It’s not for me, but it interesting to learn these things, and of course there seem to be good reasons for doing it for some people. I’m happy with the “eat less, exercise more” diet for now, but I might try out intermittent fasting since I’ve seen a few things suggesting it might help with allergies? I doubt that’s well supported, but I’ve liked what you’ve had to say about it, so since it’s not a thing I have to spend money on to try out, might as well, right?
The ketogenic, or "keto," diet — which first became popular in the 1920s as a treatment for epilepsy and diabetes— limits carbohydrates to no more than 50 grams a day, which is the rough equivalent of a plain bagel or a cup of white rice. By comparison, dietary guidelines from the US Department of Agriculture recommend from 225 to 325 grams of carbs a day.
Another great keto flu cure is bone broth! This is also a great healer when you are actually sick with a cold or flu or just want something comforting. Instead of its high carb alternative chicken noodle soup or even worse, store bought chicken broth (which is typically loaded with MSG and other preservative junk), bone broth is a delicious way to alleviate your flu symptoms. Bone broth is a great way to hydrate & it is also packed with electrolytes, good for you sodium and potassium.
The book contains a two week menu for beginners. (Face it, there's a 90% chance you won't follow it to the letter, but it does help set your thinking in the right direction.) For each individual week there's a shopping list which, by itself, will help you adjust your kitchen quite a bit. There are tips on the best sweeteners (Swerve over Splenda), the oils you'll need, produce, canned and bottled items, pantry items, and meats. Something to consider as you go along is that some items, like almond and coconut flour are expensive items to stock up on, but you'll use considerably less than non-keto recipes will use for regular flour. Do what you can afford. Just know that there are some must-have staples like coconut oil and olive oil.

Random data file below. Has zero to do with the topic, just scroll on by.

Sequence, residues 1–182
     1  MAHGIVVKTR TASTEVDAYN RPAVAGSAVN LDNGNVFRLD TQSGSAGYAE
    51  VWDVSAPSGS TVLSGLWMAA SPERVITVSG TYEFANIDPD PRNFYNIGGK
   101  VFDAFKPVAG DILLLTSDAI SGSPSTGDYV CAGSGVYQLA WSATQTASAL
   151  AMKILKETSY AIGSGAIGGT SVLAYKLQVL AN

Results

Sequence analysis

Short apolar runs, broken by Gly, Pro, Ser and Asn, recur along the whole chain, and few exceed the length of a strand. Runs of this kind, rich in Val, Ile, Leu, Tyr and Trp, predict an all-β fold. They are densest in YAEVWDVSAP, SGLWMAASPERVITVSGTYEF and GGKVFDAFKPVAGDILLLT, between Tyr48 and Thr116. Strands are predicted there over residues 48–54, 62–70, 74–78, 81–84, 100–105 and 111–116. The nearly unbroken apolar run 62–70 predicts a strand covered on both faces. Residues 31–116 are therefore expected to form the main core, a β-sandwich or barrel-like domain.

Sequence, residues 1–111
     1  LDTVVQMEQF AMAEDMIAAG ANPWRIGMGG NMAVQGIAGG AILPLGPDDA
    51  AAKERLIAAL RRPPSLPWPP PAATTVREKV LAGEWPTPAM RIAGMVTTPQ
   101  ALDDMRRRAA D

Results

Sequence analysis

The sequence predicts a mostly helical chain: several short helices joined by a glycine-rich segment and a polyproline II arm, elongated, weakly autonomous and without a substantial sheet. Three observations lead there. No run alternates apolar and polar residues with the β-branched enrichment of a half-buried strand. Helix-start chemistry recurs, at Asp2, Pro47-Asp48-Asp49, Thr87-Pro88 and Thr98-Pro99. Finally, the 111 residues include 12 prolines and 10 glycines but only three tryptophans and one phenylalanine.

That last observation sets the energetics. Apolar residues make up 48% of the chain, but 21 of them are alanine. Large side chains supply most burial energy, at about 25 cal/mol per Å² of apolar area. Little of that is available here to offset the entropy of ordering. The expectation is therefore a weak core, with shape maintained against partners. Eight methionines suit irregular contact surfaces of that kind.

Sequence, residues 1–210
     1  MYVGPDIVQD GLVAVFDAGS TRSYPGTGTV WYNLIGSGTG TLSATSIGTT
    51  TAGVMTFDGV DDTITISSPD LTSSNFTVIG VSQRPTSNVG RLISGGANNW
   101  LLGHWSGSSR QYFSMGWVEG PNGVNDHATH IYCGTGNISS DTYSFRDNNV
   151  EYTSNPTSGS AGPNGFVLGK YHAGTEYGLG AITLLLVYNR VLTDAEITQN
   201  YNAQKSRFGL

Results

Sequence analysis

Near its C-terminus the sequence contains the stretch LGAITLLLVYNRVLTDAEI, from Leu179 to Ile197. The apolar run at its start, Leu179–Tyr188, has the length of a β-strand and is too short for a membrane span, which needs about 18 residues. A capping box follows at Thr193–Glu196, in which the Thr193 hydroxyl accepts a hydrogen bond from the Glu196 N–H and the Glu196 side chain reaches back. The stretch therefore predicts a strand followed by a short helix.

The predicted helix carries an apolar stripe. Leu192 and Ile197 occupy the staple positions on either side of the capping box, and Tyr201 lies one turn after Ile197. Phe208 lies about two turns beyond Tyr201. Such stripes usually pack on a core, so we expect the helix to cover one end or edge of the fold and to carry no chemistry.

The information in the first section was great, but the recipes were not as helpful as I had hoped. The ingredients are very expensive - I spent $130 shopping for just the first three days of meals and that didn't include the leg of lamb, which I skipped. Also, as a working mom, I would consider the amount of kitchen time as extreme. As an example, Day One includes a one-hour baking project for breakfast, followed by deviled eggs with bacon and avocado as a mid-morning snack, followed by a cooked chicken lunch, then a smoothie mid-afternoon snack, and a leg of lamb dinner with a side. Again, that's just the first day. Section 1 was great and I learned a great deal about keto lifestyle and issues. I would love the author to revise the meal plan and recipe sections to limit each day to no more than 90 minutes in the kitchen including prepping foods like boiling eggs, frying bacon, or cooking chicken which aren't currently included in her recipes times.
• Type 2 Diabetes: This population has been studied heavily with the keto diet since it's technically as low-carb as you can get. While the research to date has been conducted in very small sample sizes, evidence suggests that an ultra-low-carb diet (like the keto diet) may help reduce A1C and improve insulin sensitivity by as much as 75 percent. In fact, a 2017 review found that a keto diet was associated with better glucose control and a reduction in medication use. Having said that, the authors cautioned that it was unclear whether the results were due to weight loss in general, or higher ketone levels.
There are reasons a strange diet like this has stuck around since the 1920's. A diet like keto that is low in sugar lowers blood glucose and insulin levels has several positive effects on the body, especially in overweight or obese people. The ketogenic diet gives your body the chance to re-adjust its glucose and insulin levels. In addition, there are health benefits that will enhance daily life, as well as help treat disease. Check out these benefits of the ketogenic diet:
The ketogenic diet — a high-fat and very low-carb eating plan — can be tough to start. After all, it’s likely a radical departure from the way you’re eating now (a typical standard American diet is high in carbohydrates and processed foods). But many people are trying the keto diet, which puts your body in a state of ketosis. That's what happens when your body’s carb-burning switch flips to a fat-burning one, a change that can cause weight loss and has even been credited with controlling diabetes. (1)
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